Review: Catwoman Vol. 7: Inheritance trade paperback (DC Comics)

Wednesday, September 27, 2023

Seven years later and now I’ve finally read the DC You-era Catwoman Vol. 7: Inheritance, the second part of Genevieve Valentine’s short run on the series. (There are good reasons for finishing reading this run that I left behind in the advent of DC Rebirth, which will become apparent soon.)

I’ve opined many times that comic book endings are hard. Beginnings are full of ambition and all the grand schemes writers can cook up, but by the time crossovers and the needs of other titles have had their way, many a good book limps toward the finish line. Inheritance fares well, actually, but the absence of artist Garry Brown from Catwoman Vol. 6: Keeper of the Castle steals some of what made this book distinctive, at the time too that the story turns more superhero-y in general. Inheritance is still strong, still multi-faceted, but it looks more like everything else on the stands, to its detriment.

Review: Batman: Detective Comics Vol. 4: Riddle Me This hardcover/paperback (DC Comics)

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Sunday, September 24, 2023

I was a little annoyed going in to Batman: Detective Comics Vol. 4: Riddle Me This, given that it was another short trade (a scant three issues, even including the “Gotham Girl, Interrupted” backup stories) following the similarly short Batman: Detective Comics Vol. 3: Arkham Rising, which read like too much filler. Between those two books, of course, was the 12-part Batman: Shadows of the Bat event, which thankfully DC released all in one volume, but it’s made for some slim trades in the interim.

But by and large writer Mariko Tamaki has delivered with her Detective Comics run, and her final volume is no exception. Even at three issues, Riddle Me This turns out to be dense and compelling, buffered by a spotlight on one of my favorite of the new characters Tamaki introduced in Detective. It all falls apart spectacularly in the end, whether due to an unexpected end of the run or just regular storytelling woes, but it’s a good book nonetheless and definitely doesn’t feel as short as it is.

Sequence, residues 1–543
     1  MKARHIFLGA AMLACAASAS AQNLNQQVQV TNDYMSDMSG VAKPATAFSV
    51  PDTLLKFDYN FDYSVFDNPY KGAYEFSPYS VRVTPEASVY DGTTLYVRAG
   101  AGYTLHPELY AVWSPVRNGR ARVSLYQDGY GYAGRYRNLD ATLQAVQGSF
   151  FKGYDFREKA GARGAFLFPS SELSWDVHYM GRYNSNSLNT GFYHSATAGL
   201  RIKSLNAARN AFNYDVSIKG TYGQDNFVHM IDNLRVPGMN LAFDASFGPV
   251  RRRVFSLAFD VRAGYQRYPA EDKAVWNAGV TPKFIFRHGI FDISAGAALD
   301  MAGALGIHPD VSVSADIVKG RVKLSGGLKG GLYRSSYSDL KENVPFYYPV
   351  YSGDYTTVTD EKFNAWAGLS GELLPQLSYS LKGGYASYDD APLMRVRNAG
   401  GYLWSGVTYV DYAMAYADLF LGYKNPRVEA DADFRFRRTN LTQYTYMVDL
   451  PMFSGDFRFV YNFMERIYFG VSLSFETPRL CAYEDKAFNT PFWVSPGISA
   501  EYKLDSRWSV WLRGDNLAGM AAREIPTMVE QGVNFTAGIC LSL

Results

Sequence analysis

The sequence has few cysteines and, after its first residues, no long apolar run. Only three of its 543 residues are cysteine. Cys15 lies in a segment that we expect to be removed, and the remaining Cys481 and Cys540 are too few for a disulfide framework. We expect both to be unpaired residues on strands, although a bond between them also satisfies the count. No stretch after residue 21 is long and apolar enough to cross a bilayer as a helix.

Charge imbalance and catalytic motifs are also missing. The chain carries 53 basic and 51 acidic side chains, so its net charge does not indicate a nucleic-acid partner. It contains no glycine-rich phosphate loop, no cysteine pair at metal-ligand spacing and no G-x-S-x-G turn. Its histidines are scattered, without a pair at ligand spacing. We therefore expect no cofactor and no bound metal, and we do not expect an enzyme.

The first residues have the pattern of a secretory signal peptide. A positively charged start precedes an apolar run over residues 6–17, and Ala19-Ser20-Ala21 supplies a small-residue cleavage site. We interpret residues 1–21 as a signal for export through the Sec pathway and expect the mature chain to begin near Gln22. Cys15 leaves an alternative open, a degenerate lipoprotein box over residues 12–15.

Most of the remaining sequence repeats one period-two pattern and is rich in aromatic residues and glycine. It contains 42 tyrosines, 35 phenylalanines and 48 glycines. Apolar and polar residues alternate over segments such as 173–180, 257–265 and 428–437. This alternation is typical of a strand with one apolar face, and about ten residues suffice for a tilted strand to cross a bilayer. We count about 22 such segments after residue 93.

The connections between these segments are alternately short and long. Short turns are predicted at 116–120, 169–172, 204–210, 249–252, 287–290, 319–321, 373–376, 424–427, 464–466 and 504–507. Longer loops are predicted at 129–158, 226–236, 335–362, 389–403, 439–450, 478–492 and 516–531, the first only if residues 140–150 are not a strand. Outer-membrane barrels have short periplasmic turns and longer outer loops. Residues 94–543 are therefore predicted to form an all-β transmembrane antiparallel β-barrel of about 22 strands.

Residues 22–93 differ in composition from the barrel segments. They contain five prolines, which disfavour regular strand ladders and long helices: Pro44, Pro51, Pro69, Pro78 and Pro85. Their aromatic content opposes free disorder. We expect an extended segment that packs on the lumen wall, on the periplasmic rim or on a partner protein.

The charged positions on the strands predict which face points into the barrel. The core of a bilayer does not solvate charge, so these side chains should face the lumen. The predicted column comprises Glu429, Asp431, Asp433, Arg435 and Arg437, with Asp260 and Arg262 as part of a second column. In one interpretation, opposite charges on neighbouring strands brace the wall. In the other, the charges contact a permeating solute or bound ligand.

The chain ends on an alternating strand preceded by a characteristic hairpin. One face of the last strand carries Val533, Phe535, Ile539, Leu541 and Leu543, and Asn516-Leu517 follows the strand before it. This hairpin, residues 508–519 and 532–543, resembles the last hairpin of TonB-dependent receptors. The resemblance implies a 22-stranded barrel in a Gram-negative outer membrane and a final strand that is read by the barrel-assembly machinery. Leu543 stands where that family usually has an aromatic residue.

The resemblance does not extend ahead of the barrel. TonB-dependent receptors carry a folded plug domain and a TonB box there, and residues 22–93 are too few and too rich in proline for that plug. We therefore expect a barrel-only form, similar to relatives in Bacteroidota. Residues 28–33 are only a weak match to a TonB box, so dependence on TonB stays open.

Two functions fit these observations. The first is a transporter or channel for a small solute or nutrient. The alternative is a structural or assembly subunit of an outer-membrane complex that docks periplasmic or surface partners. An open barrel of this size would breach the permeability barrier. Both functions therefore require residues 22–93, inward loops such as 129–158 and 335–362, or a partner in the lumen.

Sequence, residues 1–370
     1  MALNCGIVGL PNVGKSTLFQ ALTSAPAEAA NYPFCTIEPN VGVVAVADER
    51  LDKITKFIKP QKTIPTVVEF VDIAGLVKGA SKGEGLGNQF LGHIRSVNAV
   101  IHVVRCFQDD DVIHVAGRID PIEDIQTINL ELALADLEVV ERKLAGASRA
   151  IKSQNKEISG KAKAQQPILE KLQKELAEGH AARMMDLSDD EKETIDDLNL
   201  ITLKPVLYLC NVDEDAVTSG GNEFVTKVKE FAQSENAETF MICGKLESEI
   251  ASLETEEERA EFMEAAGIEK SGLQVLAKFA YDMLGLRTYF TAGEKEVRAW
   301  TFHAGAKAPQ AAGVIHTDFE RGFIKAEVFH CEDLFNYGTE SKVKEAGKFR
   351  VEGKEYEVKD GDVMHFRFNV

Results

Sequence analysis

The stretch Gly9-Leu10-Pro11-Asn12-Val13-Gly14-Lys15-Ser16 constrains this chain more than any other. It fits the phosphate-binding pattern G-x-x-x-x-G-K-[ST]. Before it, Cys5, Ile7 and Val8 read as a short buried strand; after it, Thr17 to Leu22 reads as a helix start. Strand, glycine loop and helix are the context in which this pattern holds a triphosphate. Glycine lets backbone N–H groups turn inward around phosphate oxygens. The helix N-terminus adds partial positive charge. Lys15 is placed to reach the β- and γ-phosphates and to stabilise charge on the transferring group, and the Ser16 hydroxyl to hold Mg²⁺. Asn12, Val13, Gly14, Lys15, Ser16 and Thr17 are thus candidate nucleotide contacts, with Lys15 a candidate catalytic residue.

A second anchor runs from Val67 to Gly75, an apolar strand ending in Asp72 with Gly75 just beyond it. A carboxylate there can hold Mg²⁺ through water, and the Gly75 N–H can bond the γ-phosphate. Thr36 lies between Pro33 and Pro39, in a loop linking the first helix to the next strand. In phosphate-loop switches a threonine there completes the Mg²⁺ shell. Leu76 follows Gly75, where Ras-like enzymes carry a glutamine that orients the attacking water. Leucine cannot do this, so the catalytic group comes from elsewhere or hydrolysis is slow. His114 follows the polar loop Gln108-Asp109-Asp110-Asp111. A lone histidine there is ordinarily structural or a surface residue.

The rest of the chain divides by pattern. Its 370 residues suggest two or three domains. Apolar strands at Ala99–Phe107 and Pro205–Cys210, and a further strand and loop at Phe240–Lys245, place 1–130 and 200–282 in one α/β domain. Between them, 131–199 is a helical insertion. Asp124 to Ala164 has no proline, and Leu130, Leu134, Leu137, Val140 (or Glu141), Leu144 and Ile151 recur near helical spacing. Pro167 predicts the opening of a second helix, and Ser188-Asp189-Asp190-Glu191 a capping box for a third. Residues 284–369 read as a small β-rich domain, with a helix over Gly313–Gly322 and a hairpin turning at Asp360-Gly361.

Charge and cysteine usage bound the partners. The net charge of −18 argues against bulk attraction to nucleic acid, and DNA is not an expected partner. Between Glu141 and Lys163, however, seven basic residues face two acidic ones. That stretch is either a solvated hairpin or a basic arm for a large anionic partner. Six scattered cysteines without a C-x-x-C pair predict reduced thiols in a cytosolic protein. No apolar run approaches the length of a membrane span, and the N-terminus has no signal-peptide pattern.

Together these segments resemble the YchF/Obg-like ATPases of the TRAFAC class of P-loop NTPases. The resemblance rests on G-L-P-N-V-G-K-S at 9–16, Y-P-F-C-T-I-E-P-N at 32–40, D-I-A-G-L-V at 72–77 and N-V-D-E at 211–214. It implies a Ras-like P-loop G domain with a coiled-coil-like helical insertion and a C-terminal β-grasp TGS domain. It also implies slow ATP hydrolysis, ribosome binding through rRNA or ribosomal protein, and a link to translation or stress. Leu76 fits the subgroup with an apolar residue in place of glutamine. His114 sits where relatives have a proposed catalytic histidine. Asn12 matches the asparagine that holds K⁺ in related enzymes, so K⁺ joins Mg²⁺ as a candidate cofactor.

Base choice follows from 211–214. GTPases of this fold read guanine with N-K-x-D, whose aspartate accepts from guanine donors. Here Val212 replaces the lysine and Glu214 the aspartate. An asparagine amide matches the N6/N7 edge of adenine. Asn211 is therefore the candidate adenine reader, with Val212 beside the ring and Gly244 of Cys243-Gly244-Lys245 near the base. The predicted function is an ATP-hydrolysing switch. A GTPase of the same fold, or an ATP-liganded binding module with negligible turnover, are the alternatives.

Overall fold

Review: Batgirls Vol. 2: Bat Girl Summer trade paperback (DC Comics)

Wednesday, September 20, 2023

If there was a word that came to me throughout reading Batgirls Vol. 2: Bat Girl Summer, it was “romance.” Becky Cloonan and Michael Conrad’s Batgirls is, and tries to be, a lot of things — buddy comedy, superhero book — but a distinct change from last time to this, perhaps due to the shifting winds of the DC Universe — was romance title.

It is not something DC does all that often (or, perhaps, didn’t used to do all that often), and so in that way it’s appealing. Also that the writers bring exuberance to a certain “ship” that perhaps reflects a certain amount of pent-up fandom demand. In this — and in a book that feels more focused with one two-part story and one four-part story instead of last time’s six-parter, plus maybe a smidgen less irreverence than in Batgirls Vol. 1: One Way or AnotherBat Girl Summer is an improvement for a book that, unfortunately, only has one more volume to go before its cancellation.

DC Trade Solicitations for December 2023 - Knight Terrors, Fourth World Omnibus with Great Darkness, Absolute Superman by Johns, Creature Commandos: Frankenstein, Flash: One-Minute War, Milestone Compendium Three, final Batman: Urban Legends

Sunday, September 17, 2023

Knight Terrors is the big headline in the DC Comics December 2023 trade paperback and hardcover solicitations, some but not all of the Knight Terrors books answering some but not all of our questions about how it’ll be collected. We see three collections here, of five, though four are supposed to come out in February and one in March. It is somewhat unusual for DC to spread the collections of an event over two months, but at the same time DC’s collections releases have seemed slower lately, and I’ll happily take all of Knight Terrors slowly than no collections at all.